The Ministry of Culture said in a statement that the temple was found in the El Paraiso archaeological complex, located in Lima’s San Martin de Porres district.
Deputy minister of cultural heritage, Rafael Varon, said the temple has characteristics that have never before been seen in Lima. Its characteristics more closely resemble ruins on Peru’s north central coast and Andean regions, Varon said.
The temple is underground, next to the ground-level stone building known as Unit 1, considered the central building of the 60-hectare complex and which has been extensively investigated in the past, as reported by James Vreeland in The Lima Times in 1975. A clay pit in the underground temple was used for making burnt offerings, judging from the remains found. The archaeologists, led by Marco Guillen, have named the section the Temple of Fire.
“This finding opens a new path for the El Paraiso archaeological complex,” Varon said.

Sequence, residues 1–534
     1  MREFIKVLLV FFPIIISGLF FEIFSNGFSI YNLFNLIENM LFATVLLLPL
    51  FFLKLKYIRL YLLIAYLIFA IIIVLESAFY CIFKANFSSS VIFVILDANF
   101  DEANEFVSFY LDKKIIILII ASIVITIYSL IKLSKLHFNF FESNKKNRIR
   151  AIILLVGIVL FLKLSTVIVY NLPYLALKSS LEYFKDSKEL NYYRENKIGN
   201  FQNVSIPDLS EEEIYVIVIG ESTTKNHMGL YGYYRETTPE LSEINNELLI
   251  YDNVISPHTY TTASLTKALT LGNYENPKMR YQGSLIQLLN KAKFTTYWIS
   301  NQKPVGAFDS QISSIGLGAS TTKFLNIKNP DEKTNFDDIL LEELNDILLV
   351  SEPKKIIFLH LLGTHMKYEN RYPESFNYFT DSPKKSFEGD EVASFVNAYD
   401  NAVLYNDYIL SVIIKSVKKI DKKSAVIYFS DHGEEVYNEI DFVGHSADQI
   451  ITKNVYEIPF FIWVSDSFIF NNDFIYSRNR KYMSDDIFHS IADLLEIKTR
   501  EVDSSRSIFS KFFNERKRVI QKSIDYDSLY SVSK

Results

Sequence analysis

The rectangular temple measures 6.8 meters long and 8.0 meters wide, the Culture Ministry said. It was made of stone and decorated with red paint, the ministry said in a statement.
Archaeologists say the temple shows that the religions and trade connections between societies living in the Late Preceramic Period (3500 BCE and 1800 BCE) were much more extensive than previously thought.
“This discovery at the El Paraiso archaeological complex is particularly important because it is the first of this kind of structure that is found on the central coast, which corroborates that Lima was one of the focal points of civilization of the Andean territory, demonstrating its religious, economic and political importance,” Varon said.
Archaeologists will confirm the age of the temple with radiocarbon testing.
El Paraiso is the oldest and largest archaeological site in Lima. It includes 10 buildings that are spread out of 50 hectares. It was first excavated in 1965 by archaeologist Frederic Engel.